Five of the eight candidates running to succeed Assemblyman Kansen Chu (D-San Jose) in 2020 appeared at a forum Tuesday to discuss their views on a wide range of issues, most notably the housing crisis.
At an event organized by SV@Home, held at Santa Clara University and moderated by Milpitas Beat publisher Rhoda Shapiro, candidates all said that a key reason they’re running is to address the burgeoning cost of living in the 25th Assembly District, which spans parts of Santa Clara County and the Tri-Valley.
However, former state policy aide Alex Lee, Santa Clara County Board of Education trustee Anna Song, Santa Clara Unified trustee Jim Canova, techie Natasha Gupta and Ohlone Community College District trustee Bob Brunton espoused varying ideas about how to tackle the problem.
Brunton, the lone Republican in the race, echoed his Democratic counterpart Canova’s call for less state meddling in the local housing markets. Lee championed policies like rent control and anti-displacement measures. Song called for streamline city codes to speed up new development. And Gupta proposed public-private partnerships to figure out short-term solutions to what will no doubt be a pain point for decades to come.
Canova advocated for a bottom-up approach to the affordability conundrum, saying local cities should lead the charge and work with other jurisdictions to build up the housing stock. “I really think Sacramento has set that template,” he said, “but if it's going to be Sacramento dictating what’s done at the local level, you are obviously taking away the autonomy of local city government. That’s a problem.”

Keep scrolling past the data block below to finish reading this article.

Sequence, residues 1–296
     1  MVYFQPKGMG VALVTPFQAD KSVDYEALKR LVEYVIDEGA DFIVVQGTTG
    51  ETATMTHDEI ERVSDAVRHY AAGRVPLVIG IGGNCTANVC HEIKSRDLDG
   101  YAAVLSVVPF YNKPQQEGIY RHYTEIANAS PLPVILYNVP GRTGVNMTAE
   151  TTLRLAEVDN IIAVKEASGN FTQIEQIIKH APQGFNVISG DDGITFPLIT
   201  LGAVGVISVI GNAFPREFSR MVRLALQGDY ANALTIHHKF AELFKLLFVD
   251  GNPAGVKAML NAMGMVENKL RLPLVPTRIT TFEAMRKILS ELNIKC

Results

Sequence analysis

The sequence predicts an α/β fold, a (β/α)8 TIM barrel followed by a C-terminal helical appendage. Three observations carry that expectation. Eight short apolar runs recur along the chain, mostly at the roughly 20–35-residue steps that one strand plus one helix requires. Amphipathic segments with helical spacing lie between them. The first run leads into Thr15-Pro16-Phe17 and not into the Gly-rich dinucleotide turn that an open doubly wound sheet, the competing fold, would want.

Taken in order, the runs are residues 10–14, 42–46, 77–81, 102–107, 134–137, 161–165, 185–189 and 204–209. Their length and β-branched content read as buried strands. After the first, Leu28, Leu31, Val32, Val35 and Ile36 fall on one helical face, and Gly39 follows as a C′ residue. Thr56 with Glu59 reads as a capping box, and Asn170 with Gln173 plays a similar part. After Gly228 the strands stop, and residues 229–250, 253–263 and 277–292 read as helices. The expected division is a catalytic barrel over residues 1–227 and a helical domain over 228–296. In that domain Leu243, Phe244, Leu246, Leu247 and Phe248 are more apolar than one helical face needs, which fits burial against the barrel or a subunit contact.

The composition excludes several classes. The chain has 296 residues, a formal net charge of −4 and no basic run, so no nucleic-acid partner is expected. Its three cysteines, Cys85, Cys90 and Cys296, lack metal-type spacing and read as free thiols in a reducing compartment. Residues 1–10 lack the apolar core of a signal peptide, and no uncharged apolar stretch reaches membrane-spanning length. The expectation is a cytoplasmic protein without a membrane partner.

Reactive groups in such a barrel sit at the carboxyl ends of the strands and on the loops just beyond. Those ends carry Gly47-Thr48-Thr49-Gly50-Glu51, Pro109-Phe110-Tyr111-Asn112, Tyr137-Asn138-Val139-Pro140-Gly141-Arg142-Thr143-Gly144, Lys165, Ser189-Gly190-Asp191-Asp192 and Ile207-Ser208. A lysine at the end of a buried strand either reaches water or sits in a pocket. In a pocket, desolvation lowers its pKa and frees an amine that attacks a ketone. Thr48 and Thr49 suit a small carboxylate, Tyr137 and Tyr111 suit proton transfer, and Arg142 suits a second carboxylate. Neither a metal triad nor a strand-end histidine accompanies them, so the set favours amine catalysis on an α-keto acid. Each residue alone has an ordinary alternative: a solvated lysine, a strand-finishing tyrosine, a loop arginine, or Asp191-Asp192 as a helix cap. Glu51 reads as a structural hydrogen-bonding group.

Brunton, who’s charging ahead with his fourth Assembly bid, proposed redirecting 2 percent of sales tax revenue back to municipalities, to give local officials “incentive and cash flows for cities to [create] the infrastructure they need.”
He also said he wants to reform mass transit, a point which he said is often left out in the housing discussion. Transit agencies should be consolidated and board members should be elected, according to Brunton, who said that two out of 24 transit agencies in the Bay Area have elected boards.
Song said the state should take a cue from San Jose’s efforts to streamline approvals for in-law units by cutting through red tape and making them faster and more affordable to build. To prevent housing discrimination, she said, the state should invest in mediation between landlords and tenants.
Gupta said she’d like to incentivize developers with density bonuses and offer tax benefits to companies that offer down payment assistance to their employees.
More must be done to spur developers into building below-market-rate housing, however, Lee said. Further, he said, the state should repeal prohibitions on low-rent housing projects. “If school districts are now becoming housing constructors and landlords, what does that they about our current housing crisis?” he asked.
With the passage of AB 857, which allows city and county governments to create or sponsor government banks, Lee added that the state can potentially fund affordable housing through public financial institutions.